British Economist: Brexit Tearing UK Apart
TEHRAN (FNA)- Rodney Shakespeare, British professor of economy, says post-Brexit crises have increased Northern Ireland and Scotland’s desire to become independent states.
Speaking in an interview with FNA, Shakespeare said, “[Brexit] has increased Scottish desire to separate [from the UK] and, in particular, increased the chances that Northern Ireland (which is part of the UK) will join up with the independent state of Ireland.”
“Scotland certainly did not wish to separate from Europe and will continue to strive to return to Europe… Brexit means some sort of border between the UK and Europe but the Good Friday agreement opposes that. So, slowly, even stealthily, the unification of the island of Ireland is approaching”, he further added.
Rodney Shakespeare, a professor at the University of Cambridge and a qualified British lawyer, is particularly known for his conferences on money, the real economy, and social and economic justice. For ten years he was a Visiting Professor of Binary Economics at Trisakti University, Jakarta. He is also a co-founder of the Global Justice Movement.
Below is the full text of the interview:
Q: Labor shortage to deliver fuel to the gas stations is said to be a direct result of Brexit. How do you believe this problem could be addressed properly in Brexit negotiations? Has Brexit left any room to address such problems in the future?
A: The UK government does not intend to properly address this problem in Brexit negotiations. It has offered three-month visas for European lorry drivers to come to the UK but very few European drivers have taken up the offer. Why should they? There is plenty of work for them in Europe.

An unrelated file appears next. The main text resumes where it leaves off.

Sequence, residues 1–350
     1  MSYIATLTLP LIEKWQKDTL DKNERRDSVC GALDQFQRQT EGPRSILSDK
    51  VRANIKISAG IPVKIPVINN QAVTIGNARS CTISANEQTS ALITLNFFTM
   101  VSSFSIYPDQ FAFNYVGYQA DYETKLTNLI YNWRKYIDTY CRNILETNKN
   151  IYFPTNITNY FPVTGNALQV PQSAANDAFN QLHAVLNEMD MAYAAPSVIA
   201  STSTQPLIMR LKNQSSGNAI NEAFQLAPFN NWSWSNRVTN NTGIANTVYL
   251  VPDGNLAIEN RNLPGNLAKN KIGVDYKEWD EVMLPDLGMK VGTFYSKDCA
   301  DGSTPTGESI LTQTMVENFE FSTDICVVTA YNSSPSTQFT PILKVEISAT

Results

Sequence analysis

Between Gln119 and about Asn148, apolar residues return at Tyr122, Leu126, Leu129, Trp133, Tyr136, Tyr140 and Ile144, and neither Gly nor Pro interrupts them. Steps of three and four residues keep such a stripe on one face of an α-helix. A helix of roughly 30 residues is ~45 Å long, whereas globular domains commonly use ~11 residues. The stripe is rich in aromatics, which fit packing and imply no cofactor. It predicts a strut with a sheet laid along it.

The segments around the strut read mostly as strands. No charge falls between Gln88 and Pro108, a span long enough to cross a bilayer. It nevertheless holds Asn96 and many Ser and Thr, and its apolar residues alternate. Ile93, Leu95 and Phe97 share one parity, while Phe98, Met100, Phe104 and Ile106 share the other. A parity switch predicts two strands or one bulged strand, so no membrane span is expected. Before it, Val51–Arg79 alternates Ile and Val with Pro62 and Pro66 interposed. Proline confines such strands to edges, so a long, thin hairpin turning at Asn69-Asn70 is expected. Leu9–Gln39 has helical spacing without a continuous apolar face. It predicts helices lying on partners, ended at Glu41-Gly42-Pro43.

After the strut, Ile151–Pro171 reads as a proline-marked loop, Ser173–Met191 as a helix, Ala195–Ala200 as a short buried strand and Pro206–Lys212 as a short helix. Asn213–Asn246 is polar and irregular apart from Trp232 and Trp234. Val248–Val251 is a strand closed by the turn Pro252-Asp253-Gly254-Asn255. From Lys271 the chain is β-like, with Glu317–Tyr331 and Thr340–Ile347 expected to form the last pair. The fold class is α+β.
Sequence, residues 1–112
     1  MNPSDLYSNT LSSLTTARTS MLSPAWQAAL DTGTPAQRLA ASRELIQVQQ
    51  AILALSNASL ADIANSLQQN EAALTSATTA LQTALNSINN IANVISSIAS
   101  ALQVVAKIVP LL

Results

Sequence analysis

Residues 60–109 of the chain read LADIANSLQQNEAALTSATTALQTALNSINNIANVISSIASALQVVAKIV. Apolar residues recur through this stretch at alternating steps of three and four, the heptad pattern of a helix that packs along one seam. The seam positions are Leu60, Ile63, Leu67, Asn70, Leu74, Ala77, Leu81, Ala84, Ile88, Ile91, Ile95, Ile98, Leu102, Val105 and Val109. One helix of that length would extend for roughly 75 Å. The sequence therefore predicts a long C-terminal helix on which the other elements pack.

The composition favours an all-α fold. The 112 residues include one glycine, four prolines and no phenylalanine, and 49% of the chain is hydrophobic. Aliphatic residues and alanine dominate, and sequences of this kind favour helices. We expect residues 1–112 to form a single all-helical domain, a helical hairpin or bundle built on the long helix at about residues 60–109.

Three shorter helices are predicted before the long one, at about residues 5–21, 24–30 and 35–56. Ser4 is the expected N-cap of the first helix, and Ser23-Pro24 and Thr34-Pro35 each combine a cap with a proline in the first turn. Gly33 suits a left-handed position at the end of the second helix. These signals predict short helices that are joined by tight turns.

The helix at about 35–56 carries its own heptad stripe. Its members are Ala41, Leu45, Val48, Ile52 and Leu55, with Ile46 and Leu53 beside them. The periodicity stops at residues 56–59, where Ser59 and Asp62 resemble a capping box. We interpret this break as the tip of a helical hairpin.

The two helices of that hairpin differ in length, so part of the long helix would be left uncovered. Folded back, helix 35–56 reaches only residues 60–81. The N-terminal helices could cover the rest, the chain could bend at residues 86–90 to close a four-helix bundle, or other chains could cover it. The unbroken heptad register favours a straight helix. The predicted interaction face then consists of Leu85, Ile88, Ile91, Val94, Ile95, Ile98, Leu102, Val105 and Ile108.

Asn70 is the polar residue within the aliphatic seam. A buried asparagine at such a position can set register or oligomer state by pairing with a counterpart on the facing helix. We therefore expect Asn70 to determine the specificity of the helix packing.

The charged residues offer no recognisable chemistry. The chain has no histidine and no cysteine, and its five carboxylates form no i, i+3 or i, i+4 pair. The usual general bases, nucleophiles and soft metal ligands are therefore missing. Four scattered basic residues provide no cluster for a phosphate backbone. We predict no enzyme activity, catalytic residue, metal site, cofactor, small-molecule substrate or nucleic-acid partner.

The Brexit theory is that UK residents will become lorry drivers but that forgets:
- the huge cost of obtaining the official drivers' licenses (up to £5,000);
- poor work conditions;
- relatively low pay.
The pay of lorry drivers is now rising but the government has been forced to bring in military drivers as a stop-gap solution.
There is a similar problem with nurses in hospitals and staff in care homes. The UK government will presumably be offering short-term visas but, again, that is unlikely to be effective.
Q: In addition to shortage of labor, there are shortages of certain foods evidenced by empty supermarket shelves. Are these really the issues Britons thought about when they voted for Brexit? In other words, would people be properly informed of their future?
A: The Brexit propagandists appealed to those who dream of the British Empire and think that the UK can, and should, boss everybody else around. Moreover, they think that the UK can regain sufficient power to do that. Quite incredibly, they think that the USA is able and willing to help the UK to do that.
However, they are forgetting that the UK is an island on the edge of Europe; that half its trade is with Europe; and that the USA (because it has relative power) will give no favours and will smash the UK in any trade negotiation.
Q: Do you believe Scotland, Northern Ireland and Wales will again make an effort to separate from the UK, having faced the post-Brexit crises?
A: Scotland certainly did not wish to separate from Europe and will continue to strive to return to Europe and, at the same time, separate itself from the UK.
Brexit is essentially an English phenomena and it has increased Scottish desire to separate and, in particular, increased the chances that Northern Ireland (which is part of the UK) will join up with the independent state of Ireland.
NB. Brexit means some sort of border between the UK and Europe but the Good Friday agreement opposes that. So, slowly, even stealthily, the unification of the island of Ireland is approaching (and that is why the Ulster Unionists feel that they have been betrayed by Brexit).